Barbecue with Yu Hua in a Hangzhou park


Metropolis Express
November 25, 2009

Amid the wall-of-text on the front page of today’s Metropolis Express was this curious headline: “Zhu Deyong invites Yu Hua over for barbecue.”

Zhu, a best-selling comic strip artist from Taiwan, and Yu, a novelist from the mainland, are involved in a “creative industries garden” that occupies a square kilometer carved out of Hangzhou’s Xixi National Wetland Park:

To date, fourteen celebrities, including TV host Yang Lan, cartoonist Zhu Deyong, authors Liu Heng, Yu Hua, and Mai Jia, painters Pan Gongkai and Wu Shanming, artist Cui Wei, and “father of the creative economy” John Howkins, have signed on to reside in the garden.

Confucian scholar Tu Weiming, Japanese artist Yoshitaka Amano, Hollywood director Pitof (The Messenger, Mermaid Island [and Catwoman!]), and French Association of Sculpture and Art chairman Georges Saulterre are currently in talks to move into the garden.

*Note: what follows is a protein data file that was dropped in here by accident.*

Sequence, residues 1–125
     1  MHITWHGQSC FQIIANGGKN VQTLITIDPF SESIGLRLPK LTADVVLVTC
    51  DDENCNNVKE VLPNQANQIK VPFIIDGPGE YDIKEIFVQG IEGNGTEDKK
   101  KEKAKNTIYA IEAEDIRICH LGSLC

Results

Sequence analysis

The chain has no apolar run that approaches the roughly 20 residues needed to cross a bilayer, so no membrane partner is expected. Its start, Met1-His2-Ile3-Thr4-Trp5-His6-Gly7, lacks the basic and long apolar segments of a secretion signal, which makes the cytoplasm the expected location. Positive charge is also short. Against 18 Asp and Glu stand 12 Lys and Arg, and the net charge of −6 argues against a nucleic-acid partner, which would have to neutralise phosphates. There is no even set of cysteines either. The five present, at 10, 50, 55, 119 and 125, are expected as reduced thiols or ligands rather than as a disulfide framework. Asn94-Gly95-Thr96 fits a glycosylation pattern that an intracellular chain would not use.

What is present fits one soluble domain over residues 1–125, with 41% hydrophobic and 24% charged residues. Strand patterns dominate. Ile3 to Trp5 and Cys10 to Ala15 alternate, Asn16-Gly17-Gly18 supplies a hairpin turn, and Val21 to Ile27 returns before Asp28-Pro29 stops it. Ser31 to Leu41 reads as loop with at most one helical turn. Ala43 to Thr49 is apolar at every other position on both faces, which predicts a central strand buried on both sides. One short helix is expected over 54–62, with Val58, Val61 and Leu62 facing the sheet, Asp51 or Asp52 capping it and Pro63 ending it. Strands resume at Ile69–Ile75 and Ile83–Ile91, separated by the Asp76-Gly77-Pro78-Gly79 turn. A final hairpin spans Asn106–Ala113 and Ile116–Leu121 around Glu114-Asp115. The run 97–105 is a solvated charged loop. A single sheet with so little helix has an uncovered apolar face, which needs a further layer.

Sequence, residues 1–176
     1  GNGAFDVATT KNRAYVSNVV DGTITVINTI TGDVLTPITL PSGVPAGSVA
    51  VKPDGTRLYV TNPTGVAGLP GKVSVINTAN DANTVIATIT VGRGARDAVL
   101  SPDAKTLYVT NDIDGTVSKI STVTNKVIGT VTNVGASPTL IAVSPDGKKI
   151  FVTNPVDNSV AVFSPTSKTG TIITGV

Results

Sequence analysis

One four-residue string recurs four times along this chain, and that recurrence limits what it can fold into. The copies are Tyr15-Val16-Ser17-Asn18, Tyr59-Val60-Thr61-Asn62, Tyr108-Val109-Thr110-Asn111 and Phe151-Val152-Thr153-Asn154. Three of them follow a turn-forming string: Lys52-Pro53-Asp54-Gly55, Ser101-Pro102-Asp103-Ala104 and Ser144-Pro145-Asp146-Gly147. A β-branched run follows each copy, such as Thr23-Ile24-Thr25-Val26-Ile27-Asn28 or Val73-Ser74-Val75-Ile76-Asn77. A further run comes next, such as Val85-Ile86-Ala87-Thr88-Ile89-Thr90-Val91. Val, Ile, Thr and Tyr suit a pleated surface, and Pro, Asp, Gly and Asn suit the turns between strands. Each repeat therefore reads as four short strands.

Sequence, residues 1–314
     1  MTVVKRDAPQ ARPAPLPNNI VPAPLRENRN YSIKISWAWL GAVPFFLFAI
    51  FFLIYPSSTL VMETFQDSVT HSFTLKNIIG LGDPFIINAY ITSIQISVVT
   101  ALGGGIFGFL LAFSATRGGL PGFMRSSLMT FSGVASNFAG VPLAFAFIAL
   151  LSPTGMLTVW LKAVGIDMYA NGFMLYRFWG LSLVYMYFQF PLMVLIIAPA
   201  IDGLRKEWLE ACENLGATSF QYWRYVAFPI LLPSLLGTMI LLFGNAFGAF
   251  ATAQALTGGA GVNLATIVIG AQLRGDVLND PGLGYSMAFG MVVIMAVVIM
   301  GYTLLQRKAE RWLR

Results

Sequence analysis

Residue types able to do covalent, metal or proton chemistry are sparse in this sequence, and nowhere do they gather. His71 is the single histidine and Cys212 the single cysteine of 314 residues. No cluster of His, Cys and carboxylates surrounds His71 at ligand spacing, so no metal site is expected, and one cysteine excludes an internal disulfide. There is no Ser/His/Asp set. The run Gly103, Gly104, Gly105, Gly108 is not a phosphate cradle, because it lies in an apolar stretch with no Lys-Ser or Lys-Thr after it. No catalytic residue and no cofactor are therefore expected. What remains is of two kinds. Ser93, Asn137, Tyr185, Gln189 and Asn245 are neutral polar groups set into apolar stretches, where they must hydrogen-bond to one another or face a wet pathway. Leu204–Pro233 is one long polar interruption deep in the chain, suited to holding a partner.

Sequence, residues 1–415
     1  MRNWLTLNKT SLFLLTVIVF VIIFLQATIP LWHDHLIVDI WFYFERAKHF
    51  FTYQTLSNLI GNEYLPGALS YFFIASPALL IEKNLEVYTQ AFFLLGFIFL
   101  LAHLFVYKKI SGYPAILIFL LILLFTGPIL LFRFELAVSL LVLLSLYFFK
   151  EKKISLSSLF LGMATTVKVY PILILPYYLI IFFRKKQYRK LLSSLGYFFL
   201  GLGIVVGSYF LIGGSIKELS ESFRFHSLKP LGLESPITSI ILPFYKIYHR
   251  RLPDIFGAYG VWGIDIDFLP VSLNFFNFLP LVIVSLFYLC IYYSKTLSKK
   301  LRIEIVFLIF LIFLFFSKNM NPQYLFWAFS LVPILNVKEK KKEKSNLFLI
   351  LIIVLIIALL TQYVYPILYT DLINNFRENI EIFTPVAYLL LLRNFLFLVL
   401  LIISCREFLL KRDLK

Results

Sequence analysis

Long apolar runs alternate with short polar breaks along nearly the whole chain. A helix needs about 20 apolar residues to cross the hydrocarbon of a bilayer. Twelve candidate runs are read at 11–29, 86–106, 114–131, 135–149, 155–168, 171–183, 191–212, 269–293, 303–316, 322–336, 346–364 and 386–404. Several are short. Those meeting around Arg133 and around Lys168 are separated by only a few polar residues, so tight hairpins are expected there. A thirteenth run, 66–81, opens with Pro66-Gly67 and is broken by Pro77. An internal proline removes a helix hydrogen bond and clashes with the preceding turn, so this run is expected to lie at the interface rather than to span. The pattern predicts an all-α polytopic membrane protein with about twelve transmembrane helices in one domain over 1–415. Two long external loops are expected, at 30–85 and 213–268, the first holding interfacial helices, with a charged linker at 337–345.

Most of the three-page puff piece was devoted to describing the studios the creative types will occupy in the garden:

Heading west, the first studio in the western section belongs to Zhu Deyong.

The sitting room of the 400-square-meter, two-and-a-half-storey building is enclosed on all sides by glass, and a porch jutting out overlooks the waters of the Xixi.

Yesterday afternoon, Zhu Deyong took his wife and friends, including Yu Hua, to visit his new home. Yu Hua’s own home faces Zhu’s across the water.

“The interior design for this house is going to be strange,” said Zhu. Deliberately mysterious, he refused to disclose the style of the renovations.

“Come and see it when I’m finished remodeling.”

The one thing he would say was that he was thinking of putting cartoons directly onto the walls, because he advocated a life rich in humor.

Standing on the porch, Zhu had a sudden inspiration. He turned to Yu Hua: “Why don’t I put a large stove here? Then I can invite you over for barbecue.”

Yu waved him aside. “No, that’s not any good. There are so many beautiful trees outside, so what would happen when you smoked them all out? The stove should go indoors, and then you can bring out the meat once it’s done cooking.”

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